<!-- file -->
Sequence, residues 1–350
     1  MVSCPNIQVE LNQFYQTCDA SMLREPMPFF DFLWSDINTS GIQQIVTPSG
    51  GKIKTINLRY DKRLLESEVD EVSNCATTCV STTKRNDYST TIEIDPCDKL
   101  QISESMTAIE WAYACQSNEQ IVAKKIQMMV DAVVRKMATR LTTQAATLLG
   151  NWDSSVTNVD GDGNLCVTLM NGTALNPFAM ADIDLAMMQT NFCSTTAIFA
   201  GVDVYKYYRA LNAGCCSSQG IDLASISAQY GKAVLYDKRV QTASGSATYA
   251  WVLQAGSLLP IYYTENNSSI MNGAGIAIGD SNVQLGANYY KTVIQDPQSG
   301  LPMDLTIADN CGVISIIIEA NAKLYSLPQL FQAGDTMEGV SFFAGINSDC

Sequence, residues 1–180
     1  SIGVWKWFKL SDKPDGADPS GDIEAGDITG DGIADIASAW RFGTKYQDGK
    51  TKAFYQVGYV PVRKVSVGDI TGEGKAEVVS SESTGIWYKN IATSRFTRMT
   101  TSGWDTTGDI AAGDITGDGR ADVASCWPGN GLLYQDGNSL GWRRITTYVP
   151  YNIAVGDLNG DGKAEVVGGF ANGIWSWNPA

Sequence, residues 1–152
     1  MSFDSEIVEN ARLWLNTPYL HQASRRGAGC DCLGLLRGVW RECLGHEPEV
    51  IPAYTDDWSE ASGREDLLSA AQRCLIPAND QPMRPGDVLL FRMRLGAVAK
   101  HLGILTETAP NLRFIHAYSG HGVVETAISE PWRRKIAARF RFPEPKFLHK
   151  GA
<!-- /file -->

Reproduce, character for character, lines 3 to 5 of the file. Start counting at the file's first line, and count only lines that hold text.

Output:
    51  GKIKTINLRY DKRLLESEVD EVSNCATTCV STTKRNDYST TIEIDPCDKL
   101  QISESMTAIE WAYACQSNEQ IVAKKIQMMV DAVVRKMATR LTTQAATLLG
   151  NWDSSVTNVD GDGNLCVTLM NGTALNPFAM ADIDLAMMQT NFCSTTAIFA